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Article written by Laetitia Ponde Nkot
In the past few years, a multitude of businesses, both in the public and private sectors, have undertaken ambitious environmental, social, and governance (ESG) initiatives. These endeavours have varied in size and scale, ranging from grandiose plans to more modest undertakings.
There has been a significant increase in ESG litigation, primarily driven by private litigants and government agencies aiming to counter ESG initiatives.
Promoting Diversity and Equity
Over the last three years, a multitude of companies have been forced to confront shareholder lawsuits stemming from their dedication to diversity and equity, and purportedly deceptive statements regarding those initiatives.
The recent Supreme Court decision in Students for Fair Admissions v. Harvard has intensified ongoing legal battles. The ruling of the Court was a significant milestone as it strongly supported the principles of race neutrality in college admissions. While the Court did not provide much direction on the extent of its opinion or the level of approval for affirmative action in different situations, private parties have taken advantage of the Court’s reasoning to contest DEI initiatives in corporations.
Equal opportunity hiring
Companies have faced lawsuits from shareholders due to their lack of commitment towards diversity and equity.
The U.S. Securities and Exchange Commission (SEC) made a significant move in 2021 by implementing a rule that compels companies to disclose diversity statistics at the board level. Additionally, it now mandates certain operating companies to have at least one female board member and another individual who represents an underrepresented minority or identifies as LGBTQ+. Those companies who fail to meet this requirement must provide an explanation for their inability to do so. There is currently a legal challenge underway regarding the SEC listing rule, and a decision is expected to be reached in the near future.
The extent of its impact on private employers remains uncertain, but currently, there is a noticeable increase in instances as demonstrated by recent public confrontations faced by McDonald’s and Anheuser-Busch due to opposition from anti-ESG activists regarding their Diversity Equity and Inclusion (DEI) promotions, statements made by select state government agencies, and the emergence of legal actions against prominent law firms and other corporations that question their initiatives for hiring individuals from minority.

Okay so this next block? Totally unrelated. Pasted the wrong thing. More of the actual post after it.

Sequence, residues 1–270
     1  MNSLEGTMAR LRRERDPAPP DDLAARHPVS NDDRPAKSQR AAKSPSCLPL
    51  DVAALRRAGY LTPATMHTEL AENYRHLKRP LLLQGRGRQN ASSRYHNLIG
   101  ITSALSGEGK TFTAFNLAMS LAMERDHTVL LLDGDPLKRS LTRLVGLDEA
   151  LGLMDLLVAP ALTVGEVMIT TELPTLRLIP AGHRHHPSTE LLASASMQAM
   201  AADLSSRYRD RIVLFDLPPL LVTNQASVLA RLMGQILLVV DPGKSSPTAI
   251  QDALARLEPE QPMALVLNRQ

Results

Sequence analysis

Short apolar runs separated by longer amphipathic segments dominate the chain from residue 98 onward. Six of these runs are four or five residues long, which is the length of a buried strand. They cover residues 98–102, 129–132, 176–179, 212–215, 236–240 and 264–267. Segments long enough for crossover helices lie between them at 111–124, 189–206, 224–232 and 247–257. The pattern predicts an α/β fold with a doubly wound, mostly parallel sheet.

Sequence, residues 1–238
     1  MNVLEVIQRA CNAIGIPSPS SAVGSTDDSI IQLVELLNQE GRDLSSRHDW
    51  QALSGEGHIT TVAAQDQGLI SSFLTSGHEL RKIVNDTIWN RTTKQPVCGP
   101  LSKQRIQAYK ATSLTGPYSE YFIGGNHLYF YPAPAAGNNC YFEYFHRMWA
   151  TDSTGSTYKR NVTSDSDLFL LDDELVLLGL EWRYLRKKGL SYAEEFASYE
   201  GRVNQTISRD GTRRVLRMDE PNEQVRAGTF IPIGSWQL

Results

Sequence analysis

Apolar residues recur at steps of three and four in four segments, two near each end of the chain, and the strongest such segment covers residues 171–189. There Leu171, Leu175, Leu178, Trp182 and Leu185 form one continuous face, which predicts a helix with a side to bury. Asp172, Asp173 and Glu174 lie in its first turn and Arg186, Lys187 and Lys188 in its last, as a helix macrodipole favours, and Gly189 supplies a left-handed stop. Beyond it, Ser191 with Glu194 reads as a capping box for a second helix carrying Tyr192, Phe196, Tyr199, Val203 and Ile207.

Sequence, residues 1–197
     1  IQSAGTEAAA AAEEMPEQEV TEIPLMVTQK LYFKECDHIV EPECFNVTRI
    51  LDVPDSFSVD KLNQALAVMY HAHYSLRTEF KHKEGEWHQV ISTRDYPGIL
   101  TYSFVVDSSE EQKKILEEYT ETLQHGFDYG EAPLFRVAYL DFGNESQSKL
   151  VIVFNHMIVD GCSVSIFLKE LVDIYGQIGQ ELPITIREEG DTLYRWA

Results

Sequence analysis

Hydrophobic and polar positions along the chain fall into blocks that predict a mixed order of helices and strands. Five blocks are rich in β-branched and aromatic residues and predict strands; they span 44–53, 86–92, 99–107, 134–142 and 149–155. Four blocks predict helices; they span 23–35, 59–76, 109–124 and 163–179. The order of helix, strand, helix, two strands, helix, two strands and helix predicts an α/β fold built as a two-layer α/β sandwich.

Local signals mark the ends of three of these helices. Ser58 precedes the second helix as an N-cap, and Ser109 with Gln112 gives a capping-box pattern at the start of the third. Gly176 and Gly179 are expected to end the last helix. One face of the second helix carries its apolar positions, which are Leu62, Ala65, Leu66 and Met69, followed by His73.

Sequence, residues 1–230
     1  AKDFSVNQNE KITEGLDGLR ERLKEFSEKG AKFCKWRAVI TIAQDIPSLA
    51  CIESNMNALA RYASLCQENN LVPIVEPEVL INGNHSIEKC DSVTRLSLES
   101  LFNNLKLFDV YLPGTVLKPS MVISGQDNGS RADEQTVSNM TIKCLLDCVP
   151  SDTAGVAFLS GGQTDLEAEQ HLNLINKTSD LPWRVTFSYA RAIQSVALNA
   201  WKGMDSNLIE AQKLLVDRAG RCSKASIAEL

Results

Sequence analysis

Likewise, multiple states have adopted requirements that public companies domiciled in those states meet minimum diversity standards for board composition; so far, lower-level courts have ruled these efforts to be unconstitutional and appeals are pending.
Claims of green marketing have become a prominent issue in recent times. As consumers increasingly demand environmentally and ethically sustainable products, companies have been quick to respond by positioning their new offerings as ‘green’. However, this surge in claims has also led to a substantial increase in private lawsuits accusing companies of misleading or deceptive marketing practices. It is highly likely that this trend will continue to grow in the future.
The terms ‘clean’ and ‘sustainable’ are commonly employed as marketing tools. However, the misuse of these words has led to deceptive advertising practices, highlighting the importance of language. The repercussions extend beyond false advertising lawsuits, as publicly traded companies may face derivative or securities claims if their marketing claims result in a drop in stock prices.
Many companies are now embracing a strategy known as ‘green hushing’, where they choose to remain silent regarding their environmental objectives as a means to steer clear of legal battles.
Although ‘green hushing’ may help counter the issue of rising ESG litigation, it simultaneously robs companies of the intrinsic worth that lies within public statements about an ESG programme. Whether it’s investors or consumers, there is a growing interest in engaging with companies that are actively promoting ESG initiatives. Remaining silent, companies not only fail to attract these connections but also miss out on the countless benefits that come with them.
Companies strategies to prevent litigations
Some companies have chosen a strategic approach to prevent legal disputes by making their environmental statements more aspirational instead of definitive. By expressing their intentions with phrases like ‘we hope to achieve’ or ‘we expect to improve’, they create a positive vision rather than making rigid statements about concrete goals. This method, when supported by credible evidence, can lead to remarkable triumphs.
However, it is important to note that simply changing goals to ‘aims’, or adding words like ‘wants’ or ‘should’ in front of a stated goal may not be enough to make that goal truly inspiring. Additionally, even if the goal is inspiring, is it sufficiently clear and specific for investors or consumers to rely on? If it meets this criterion, it may still have legal consequences, even if adequately supported.
It is crucial for companies to thoroughly evaluate the potential risks and benefits of their ESG efforts before making any public statements.